As a product of fields, write the tensor product of fields K ⊗Q ℝ, with r1 copies of R and r2 copies of C.
Ex: The rank of a quadratic field is 1 if it is a true quadratic field and 0 if it is an imaginary quadratic field.
Here the theory of Pell’s equation is the theory for real quadratic fields.
Except for Q and imaginary quadratic fields, which have rank 0, all number fields have a positive rank. A determinant known as the regulator is used to determine the size of the units in general. In theory, a basis for the units can be efficiently computed; however, when n is large, the calculations become very complex.
The set of all roots of unity of K that form a finite cyclic group is the torsion in the group of units. As a result, the torsion of a number field with at least one real embedding must be just 1,1. There are number fields with no real embeddings that also have 1,1 for the torsion of their unit group, such as most imaginary quadratic fields.
In terms of units, completely real fields are special. If the unit groups for the integers of L and K have the same rank and L/K is a finite extension of number fields with a degree greater than 1, then K is totally real and L is a totally complex quadratic extension. The opposite is also true. The theorem holds for every order O ⊂ OK, not just the maximal order OK.
Helmut Hasse and Claude Chevalley developed a generalization of the unit theorem to define the structure of the group of Sunits, deciding the rank of the unit group in localization of rings of integers. Q ⊕ OK, S ⊗Z Q Galois module structure has also been determined.
Dirichlet’s Approximation Theorem
Dirichlet’s theorem on Diophantine approximation, also known as Dirichlet’s approximation theorem, states that for any real numbers ɑ and N, with 1Nthere, exist integers p and q such that 1≤ q ≤ N andqα p≤ [frac{1}{[N]+1}] < [frac{1}{N}]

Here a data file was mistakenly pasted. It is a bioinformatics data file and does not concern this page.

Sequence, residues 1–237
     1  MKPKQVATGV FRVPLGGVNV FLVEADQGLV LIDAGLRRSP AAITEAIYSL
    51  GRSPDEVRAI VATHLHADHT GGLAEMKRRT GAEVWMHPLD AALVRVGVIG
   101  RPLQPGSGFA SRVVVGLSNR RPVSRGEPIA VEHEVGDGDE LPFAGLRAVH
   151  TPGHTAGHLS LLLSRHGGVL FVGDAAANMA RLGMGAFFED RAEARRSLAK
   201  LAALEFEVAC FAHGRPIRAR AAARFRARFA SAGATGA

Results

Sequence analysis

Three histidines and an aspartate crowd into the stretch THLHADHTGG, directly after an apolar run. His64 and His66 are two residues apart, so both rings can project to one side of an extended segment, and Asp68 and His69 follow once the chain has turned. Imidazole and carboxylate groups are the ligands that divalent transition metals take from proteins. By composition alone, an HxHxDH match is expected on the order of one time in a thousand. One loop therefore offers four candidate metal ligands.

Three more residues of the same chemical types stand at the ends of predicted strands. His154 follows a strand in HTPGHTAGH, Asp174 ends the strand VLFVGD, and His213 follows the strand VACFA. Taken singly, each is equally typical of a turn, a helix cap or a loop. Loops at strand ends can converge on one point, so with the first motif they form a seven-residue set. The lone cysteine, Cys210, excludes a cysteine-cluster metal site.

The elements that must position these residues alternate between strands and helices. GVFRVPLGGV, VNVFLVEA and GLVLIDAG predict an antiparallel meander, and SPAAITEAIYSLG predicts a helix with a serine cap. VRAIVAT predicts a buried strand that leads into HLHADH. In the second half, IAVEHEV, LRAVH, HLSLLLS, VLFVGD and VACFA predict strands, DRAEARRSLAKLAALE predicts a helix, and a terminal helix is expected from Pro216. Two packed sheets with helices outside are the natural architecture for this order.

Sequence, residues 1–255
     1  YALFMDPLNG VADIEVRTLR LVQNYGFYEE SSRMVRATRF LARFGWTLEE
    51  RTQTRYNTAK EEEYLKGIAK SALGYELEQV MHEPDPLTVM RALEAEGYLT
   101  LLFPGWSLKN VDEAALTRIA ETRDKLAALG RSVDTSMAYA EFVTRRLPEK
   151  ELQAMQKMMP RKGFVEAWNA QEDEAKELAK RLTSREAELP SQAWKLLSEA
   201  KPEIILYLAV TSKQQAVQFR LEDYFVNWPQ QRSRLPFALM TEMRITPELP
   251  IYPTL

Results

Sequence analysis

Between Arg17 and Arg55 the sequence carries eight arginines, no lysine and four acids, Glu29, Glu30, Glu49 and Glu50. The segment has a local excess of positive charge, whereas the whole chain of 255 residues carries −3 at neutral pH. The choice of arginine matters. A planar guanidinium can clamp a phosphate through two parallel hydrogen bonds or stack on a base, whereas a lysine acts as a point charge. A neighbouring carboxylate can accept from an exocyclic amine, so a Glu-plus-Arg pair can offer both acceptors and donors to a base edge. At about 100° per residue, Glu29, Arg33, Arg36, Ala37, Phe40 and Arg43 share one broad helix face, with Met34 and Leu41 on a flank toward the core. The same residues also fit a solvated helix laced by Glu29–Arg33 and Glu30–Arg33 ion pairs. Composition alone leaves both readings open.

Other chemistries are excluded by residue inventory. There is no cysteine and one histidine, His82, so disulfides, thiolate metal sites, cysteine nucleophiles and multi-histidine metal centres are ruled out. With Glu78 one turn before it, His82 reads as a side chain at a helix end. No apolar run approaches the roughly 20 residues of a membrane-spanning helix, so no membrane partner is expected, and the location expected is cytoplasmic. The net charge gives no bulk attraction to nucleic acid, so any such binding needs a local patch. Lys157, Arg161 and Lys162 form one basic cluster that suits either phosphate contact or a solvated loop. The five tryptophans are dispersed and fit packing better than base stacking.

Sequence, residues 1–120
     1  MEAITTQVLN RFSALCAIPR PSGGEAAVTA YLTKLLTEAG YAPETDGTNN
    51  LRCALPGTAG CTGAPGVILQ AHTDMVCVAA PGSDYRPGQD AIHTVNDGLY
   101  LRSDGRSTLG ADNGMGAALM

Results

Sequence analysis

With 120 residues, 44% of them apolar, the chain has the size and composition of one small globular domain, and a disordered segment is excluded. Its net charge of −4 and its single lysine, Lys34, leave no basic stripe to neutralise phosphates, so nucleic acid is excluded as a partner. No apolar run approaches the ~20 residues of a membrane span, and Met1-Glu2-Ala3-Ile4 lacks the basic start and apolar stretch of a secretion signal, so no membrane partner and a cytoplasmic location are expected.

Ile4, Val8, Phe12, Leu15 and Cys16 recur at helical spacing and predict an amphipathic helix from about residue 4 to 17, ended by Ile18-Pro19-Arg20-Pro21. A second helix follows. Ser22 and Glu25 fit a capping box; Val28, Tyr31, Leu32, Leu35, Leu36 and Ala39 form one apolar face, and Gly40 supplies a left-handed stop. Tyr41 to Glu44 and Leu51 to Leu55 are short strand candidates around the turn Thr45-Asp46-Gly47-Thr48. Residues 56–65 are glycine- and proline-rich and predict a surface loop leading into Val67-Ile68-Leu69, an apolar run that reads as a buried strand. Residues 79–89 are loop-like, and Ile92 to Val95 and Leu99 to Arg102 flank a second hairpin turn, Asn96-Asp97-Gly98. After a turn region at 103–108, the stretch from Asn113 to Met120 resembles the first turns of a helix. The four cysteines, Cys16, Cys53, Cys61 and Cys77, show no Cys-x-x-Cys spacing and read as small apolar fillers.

The integer part of N is represented by [N]. This is a fundamental result in Diophantine approximation, demonstrating that every real number has a sequence of good rational approximations: in fact, the inequality is fulfilled by infinitely many integers p and q for any given irrational α α – [frac{p}{q}] < [frac{1}{q^{2}}]
The Thue–Siegel–Roth theorem, a result in the opposite direction, provides basically the tightest possible limit, in the sense that the bound on the rational approximation of algebraic numbers cannot be strengthened by increasing the exponent beyond 2.
Conclusion
When a and d are relatively prime and n runs over the positive integers, Dirichlet’s theorem states that there is an infinite number of primes in an arithmetic progression a + nd. Alt
hough certain special cases of Dirichlet’s theorem, such as the arithmetic progression 2 + 3n, can be proved using simple methods, the general case is much more difficult to prove. The Riemann zetafunction and Dirichlet Lfunctions are used in the analysis. The Dirichlet theorem is often used to prove that a prime number exists that meets a certain congruence condition while preventing a finite number of bad primes. It allows us to find the density of the set of primes at which a finite set of integers has prescribed Legendre symbol values in a more general sense.